This leaves us with California. And at this point, our assumptions really matter. He’s at 1,072 delegates in our worst-case scenario, which means that he would need to win 96 percent of the delegates to reach 1,237. In our best-case scenario, he’s at 1,146 delegates, meaning he needs around half of the state’s delegates.

What will happen in California? That is a very good question. California allocates almost all of its delegates by congressional district, and it is a closed Republican primary. Half of California’s districts gave President Obama almost two-thirds of the vote or more, meaning that there are relatively few districts with large numbers of Republicans; the statewide vote will be heavily clustered in a few districts, meaning statewide polling is of little use. Moreover, there are relatively few white ethnics (there’s no real Staten Island of California).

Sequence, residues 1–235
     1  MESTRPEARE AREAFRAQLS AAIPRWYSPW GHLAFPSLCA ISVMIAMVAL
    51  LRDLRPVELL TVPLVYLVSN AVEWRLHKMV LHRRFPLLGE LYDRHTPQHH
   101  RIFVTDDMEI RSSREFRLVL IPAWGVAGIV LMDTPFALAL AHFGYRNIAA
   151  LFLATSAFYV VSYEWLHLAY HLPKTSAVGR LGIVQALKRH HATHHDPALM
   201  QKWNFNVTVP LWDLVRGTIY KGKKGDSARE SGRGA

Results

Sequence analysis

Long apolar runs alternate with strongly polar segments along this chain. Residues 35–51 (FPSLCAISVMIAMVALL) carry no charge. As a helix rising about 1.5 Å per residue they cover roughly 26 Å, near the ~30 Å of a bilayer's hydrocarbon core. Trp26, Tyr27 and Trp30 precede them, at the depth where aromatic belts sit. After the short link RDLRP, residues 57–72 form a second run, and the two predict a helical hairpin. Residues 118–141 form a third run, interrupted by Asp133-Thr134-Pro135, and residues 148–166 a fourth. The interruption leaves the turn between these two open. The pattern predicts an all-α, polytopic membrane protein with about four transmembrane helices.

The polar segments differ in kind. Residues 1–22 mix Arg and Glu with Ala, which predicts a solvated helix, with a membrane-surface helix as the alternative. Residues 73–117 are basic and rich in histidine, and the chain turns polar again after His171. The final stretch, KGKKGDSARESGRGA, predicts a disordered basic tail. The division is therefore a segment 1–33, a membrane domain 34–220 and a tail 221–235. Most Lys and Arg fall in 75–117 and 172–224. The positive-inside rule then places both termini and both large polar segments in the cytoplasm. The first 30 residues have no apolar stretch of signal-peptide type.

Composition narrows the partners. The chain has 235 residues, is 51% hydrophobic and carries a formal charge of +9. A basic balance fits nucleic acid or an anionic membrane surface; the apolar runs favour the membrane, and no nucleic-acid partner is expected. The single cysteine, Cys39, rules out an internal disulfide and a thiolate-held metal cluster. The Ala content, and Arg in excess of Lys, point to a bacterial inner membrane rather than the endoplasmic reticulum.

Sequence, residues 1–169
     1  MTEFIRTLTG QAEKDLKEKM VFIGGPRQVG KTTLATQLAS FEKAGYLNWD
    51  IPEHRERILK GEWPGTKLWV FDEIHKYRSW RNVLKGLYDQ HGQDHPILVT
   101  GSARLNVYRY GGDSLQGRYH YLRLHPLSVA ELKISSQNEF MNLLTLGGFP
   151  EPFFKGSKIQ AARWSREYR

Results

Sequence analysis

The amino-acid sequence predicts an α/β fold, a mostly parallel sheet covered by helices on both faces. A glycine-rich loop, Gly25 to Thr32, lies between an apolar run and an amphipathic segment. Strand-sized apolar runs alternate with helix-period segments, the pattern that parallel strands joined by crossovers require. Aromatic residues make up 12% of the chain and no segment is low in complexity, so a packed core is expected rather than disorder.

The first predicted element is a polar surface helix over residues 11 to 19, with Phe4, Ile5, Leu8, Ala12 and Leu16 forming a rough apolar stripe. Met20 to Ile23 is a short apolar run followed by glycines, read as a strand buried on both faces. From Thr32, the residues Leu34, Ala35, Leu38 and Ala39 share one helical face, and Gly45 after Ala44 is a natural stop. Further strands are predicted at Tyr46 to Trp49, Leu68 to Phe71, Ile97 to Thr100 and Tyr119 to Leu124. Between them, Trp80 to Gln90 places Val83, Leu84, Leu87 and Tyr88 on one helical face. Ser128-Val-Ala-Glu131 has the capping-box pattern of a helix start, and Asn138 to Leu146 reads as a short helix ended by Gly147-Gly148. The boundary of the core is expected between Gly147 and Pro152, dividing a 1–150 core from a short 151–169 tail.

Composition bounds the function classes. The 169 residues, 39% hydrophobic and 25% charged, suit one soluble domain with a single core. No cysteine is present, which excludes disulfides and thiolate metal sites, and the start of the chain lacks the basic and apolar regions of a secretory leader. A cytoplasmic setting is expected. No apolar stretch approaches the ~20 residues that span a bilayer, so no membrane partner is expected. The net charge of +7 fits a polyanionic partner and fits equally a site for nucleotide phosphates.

So who is voting in Nancy Pelosi’s district in a closed Republican primary? I have no earthly idea. One would suspect these are Kasich’s voters, given how he performed in the Chicago and New York silk-stocking districts, but it’s impossible to know. Who votes in a Republican primary in the minority-majority districts in Los Angeles, or the Central Valley?